BAYERN MUNICH 2
Robben 45 (pen), Klose 89
Wednesday night’s two Champions League last 16 knock-out ties were drenched in refereeing controversy. As Arsenal were left feeling aggrieved by the referee’s allowance of a quickly taken indirect free-kick, the Allianz Arena became a stormy setting for more spotlight on the officials as referee Tom Henning Ovrebo took centre stage. The highly charged stadium throbbed with expectation of the German red machine to take three points justly. This, however, was not the case.
Bayern Munich were firmly in the driving seat for most of the match, dictating the pace and tempo of the game. Their dominance was crafted through the wing wizardry of Arjen Robben and Franck Ribery stretching and stinging down the flanks. Dutch winger Robben constantly hovered around the box often tricking his way past the Fiorentina full-backs and squaring passes or blasting shots at Sebastian Frey, who was kept busy by the former Chelsea man. The beginning of the dodgy catalogue of decisions was Bayern’s opener, when Mario Gomez slotted home only to see it disallowed and brought back for a penalty by referee Ovrebo. The decision was hasty and unnecessary – Gomez’s goal could have simply been allowed and Ovrebro’s judgement could have had a major impact on Bayern’s chances, but fortunately Robben put away the penalty comfortably, rendering all trivial. La Viola defender Per Kroldrup equalised through a scrappy but poignant away goal, slipping the ball into the near post after the break.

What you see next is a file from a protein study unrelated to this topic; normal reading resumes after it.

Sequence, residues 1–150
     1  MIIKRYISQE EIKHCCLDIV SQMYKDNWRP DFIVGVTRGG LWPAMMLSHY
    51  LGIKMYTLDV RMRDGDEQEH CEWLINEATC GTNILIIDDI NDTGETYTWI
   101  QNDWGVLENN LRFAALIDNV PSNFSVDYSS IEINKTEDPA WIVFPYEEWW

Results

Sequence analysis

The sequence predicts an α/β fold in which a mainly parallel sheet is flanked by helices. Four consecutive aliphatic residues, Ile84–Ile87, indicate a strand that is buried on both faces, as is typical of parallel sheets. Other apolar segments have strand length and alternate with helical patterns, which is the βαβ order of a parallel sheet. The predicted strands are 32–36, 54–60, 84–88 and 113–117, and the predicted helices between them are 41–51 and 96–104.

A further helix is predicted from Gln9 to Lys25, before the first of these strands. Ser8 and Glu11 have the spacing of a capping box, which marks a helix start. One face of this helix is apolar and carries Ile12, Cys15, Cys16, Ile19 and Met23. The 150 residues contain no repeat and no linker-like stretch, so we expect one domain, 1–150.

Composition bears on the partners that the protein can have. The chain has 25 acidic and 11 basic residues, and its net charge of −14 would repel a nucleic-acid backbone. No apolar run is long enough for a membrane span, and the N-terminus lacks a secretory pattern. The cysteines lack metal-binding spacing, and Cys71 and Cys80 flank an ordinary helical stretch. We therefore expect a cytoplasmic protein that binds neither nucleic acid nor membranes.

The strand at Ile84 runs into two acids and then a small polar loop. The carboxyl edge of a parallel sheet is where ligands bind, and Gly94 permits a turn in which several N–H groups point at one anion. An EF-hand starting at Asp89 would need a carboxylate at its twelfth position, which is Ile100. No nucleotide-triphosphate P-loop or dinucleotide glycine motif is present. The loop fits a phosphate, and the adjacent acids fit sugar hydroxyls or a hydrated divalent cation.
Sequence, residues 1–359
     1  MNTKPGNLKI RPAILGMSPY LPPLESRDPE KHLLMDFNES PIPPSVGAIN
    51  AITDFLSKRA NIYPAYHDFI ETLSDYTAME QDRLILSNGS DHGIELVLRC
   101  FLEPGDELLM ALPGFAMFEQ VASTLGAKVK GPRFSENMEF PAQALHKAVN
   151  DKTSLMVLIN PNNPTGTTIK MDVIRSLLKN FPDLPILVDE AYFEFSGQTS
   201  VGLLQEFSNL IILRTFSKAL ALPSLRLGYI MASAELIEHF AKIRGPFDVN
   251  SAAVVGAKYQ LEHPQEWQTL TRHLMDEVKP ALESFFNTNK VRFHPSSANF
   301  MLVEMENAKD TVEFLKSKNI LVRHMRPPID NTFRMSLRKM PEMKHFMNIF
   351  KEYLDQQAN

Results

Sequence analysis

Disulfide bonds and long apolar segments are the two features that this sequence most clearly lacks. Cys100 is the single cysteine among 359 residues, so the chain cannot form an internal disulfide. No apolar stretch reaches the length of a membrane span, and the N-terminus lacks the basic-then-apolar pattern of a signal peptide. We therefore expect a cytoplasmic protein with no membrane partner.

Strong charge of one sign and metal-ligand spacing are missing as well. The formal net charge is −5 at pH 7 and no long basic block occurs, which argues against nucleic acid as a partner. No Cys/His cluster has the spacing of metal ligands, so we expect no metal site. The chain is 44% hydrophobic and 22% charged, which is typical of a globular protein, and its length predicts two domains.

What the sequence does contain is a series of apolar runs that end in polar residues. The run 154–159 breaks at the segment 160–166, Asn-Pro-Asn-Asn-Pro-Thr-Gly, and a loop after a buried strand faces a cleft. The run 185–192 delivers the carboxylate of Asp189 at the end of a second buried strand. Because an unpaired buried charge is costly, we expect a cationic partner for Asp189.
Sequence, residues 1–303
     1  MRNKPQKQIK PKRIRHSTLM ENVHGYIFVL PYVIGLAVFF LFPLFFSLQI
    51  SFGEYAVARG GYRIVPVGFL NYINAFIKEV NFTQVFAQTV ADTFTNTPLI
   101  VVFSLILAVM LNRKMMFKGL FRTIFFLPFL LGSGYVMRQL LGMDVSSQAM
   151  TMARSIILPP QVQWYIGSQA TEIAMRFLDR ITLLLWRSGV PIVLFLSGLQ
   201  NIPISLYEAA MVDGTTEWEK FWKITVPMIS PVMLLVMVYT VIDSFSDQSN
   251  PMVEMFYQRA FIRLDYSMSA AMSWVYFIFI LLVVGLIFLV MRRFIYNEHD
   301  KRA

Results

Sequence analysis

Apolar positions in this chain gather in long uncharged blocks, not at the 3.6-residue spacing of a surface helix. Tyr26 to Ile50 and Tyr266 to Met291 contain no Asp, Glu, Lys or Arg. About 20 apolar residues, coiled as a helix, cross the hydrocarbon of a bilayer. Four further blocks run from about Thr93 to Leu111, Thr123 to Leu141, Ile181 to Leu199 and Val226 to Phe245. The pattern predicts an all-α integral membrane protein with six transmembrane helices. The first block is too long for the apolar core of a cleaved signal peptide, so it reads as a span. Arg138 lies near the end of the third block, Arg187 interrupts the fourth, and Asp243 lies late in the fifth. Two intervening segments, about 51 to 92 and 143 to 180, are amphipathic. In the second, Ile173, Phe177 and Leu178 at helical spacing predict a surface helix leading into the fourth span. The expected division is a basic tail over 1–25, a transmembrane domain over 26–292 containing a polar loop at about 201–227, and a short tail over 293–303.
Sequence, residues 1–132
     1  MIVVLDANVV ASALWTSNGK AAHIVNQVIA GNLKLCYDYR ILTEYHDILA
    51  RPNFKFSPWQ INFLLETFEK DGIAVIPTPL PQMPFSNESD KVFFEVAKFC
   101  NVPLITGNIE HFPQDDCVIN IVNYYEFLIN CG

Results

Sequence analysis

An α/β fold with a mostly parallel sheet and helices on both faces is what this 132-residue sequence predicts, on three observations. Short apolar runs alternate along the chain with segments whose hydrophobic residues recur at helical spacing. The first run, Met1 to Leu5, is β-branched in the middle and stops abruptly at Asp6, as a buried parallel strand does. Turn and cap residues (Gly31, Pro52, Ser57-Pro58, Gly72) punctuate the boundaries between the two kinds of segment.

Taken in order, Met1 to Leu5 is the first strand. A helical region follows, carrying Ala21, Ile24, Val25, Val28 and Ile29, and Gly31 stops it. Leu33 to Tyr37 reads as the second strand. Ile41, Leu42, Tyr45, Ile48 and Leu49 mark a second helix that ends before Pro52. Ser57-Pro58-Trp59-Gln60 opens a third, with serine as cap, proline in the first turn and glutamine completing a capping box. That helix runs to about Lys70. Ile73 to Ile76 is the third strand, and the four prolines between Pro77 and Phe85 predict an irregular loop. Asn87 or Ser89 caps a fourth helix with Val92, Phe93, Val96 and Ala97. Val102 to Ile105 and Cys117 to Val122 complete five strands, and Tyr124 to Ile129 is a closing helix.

The dubious decisions continued as Mark van Bommel lunged into a challenge that warranted a yellow at the very least. Massimo Gobbi was shown a red card for a body-check that did not look the least bit like a sending-off – a straight red to reduce the visitors down to 10-men was ridiculous. Five minutes later, Miroslav Klose was merely booked for a challenge that had no place on a football field as he leapt into Felipe two-footed and should have seen red. The final goal was the height of bad refereeing – Louis van Gaal’s side had threatened, but cannot say they deserved the win as the goal should not have been allowed. Klose’s diving header a minute from normal time was clearly three yards offside and how the official did not see it remains a mystery. A draw would have been justified but the decision to allow a clear offside goal summed up a harsh and unjust night for the Italians – the most unconvincing performance however, belonged to the man in black. Fiorentina were left fuming and after 89 minutes of hard work and good play away from home can only fly back to Florence feeling hard done by.
The second leg promises to be an exciting encounter but UEFA must raise the standards of refereeing as two Scandinavian referees have come under scrutiny after one night in the Champions League. It will be a fierce night in Florence in three weeks time and hopefully, with the right referee, will also have a just outcome.